It was a mutiny. Unlike anything I’ve experienced ever before. Closest was Gina, who refused to die and then pointed to Max and said “I want him,” despite their age difference.
But even with Gina, I still had some amount of control.
This was… unique.
When I got to the Jules/Robin love scene in the limo (in my original outline, I wasn’t sure if I was going to have their relationship turn physical at that point — I kind of left it open, it could have gone either way — or at least it would have if I had been in control of the characters), I wrote the scene and then I actually put on the brakes. I stopped writing for about a week and a half.
I spent the first half of those days just sitting in the lanai, in the sun, and thinking. And negotiating with Robin. Really it was Robin who was the driving force behind the outcome of their story arc. I think I might’ve been able to mind-control Jules, but Robin was unswerving in his conviction. So for days, he sat on that porch with me, and every time I said, “What if–” He wouldn’t even let me finish. “No.” “How about–” “No.”
And then, after about four days of this, he looked at me and he said, “You know how I said I wanted it all?” I nodded. And he said, “I’ve redefined all. To me, all is Jules.”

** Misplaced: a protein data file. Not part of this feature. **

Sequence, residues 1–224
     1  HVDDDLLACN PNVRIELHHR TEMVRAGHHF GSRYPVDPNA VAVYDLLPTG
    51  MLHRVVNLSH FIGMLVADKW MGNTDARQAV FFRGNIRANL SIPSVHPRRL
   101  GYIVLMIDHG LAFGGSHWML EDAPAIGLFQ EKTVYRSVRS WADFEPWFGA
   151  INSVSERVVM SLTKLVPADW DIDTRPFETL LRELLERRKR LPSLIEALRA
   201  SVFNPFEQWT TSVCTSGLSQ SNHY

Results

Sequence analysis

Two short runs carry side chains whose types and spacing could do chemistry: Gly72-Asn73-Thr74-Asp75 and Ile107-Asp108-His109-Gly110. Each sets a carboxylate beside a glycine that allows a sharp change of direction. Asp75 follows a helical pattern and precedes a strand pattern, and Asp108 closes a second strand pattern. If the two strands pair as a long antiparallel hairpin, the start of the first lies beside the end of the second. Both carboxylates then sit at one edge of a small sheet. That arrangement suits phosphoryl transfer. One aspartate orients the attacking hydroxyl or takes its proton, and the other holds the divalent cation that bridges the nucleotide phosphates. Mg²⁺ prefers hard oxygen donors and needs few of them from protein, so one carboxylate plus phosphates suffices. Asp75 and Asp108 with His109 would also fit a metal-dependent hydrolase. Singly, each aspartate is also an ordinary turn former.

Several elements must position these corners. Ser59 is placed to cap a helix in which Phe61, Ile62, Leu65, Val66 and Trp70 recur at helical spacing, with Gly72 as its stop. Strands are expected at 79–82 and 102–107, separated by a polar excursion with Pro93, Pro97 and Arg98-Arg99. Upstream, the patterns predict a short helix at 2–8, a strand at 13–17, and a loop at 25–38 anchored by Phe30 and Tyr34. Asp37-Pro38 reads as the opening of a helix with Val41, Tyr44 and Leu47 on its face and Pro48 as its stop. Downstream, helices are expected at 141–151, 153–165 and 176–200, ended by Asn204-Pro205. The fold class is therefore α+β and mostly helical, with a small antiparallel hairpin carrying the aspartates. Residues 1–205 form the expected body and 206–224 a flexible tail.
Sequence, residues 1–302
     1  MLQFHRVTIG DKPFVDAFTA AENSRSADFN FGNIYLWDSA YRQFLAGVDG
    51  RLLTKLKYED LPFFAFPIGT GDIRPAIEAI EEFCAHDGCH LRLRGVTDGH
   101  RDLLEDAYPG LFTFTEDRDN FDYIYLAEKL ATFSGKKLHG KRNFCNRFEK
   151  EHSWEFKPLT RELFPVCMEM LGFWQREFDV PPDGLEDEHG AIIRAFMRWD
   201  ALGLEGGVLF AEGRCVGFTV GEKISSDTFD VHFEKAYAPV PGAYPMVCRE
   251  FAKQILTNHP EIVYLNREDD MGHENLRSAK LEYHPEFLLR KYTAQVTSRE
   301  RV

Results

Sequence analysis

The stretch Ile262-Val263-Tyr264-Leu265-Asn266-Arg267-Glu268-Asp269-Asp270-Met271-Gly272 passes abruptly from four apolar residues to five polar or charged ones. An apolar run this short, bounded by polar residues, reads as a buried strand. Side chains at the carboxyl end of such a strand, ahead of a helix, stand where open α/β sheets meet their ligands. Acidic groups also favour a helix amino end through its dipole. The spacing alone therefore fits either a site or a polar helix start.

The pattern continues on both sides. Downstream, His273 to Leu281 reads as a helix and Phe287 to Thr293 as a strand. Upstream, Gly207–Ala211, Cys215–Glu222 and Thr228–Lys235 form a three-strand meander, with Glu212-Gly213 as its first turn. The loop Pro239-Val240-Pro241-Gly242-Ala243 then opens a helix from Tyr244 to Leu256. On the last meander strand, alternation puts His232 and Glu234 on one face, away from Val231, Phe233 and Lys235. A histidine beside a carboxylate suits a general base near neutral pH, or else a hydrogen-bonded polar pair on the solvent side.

And I said, “Okay.”
And then, over the next five days, I completely re-outlined the entire second half of the book. I literally sat there, and made a list of every single scene in the book from that point on — telling the story that Robin and Jules wanted me to tell. And then I started writing, and I pretty much didn’t stop until the book was done.
Until Jules and Robin were both happy.
So that’s what happened.
I have to admit that I’m bracing for some complaints from readers — the first having to do with the non-graphic nature of the Jules/Robin love scene.
I really struggled with the best way to write this scene, because to me it does seem unbalanced — to have the Ric/Annie love scenes be so graphic, but then to leave so much to the imagination in the limo with Robin and Jules.
But my message — love is love is love — is so important, I just couldn’t bear the thought of frightening away a more timid readership by putting in too much man-on-man action. And I believe that the truth is — at least my truth — that making love is about emotions. I felt the most important part of the Robin/Jules love scene was how Jules felt when Robin confessed that he loved him.
And I purposely set the scene in a “one-nighter” type setting. Slightly skeevy — a limo, yeesh. Jules is trying so hard not to admit that his heart is in jeopardy. He’s trying to fool himself, and yet, (I hope!) that his tenderness towards Robin (and Robin’s tender feelings for Jules) shines through.
I actually gave some thought to toning down the hetero love scenes in this book for balance, but then I thought, Nah.
So okay. I think that there will be people who protest the fact that Jules and Robin don’t get a “he put his hand there, he put his mouth there,” type love scene. So be it.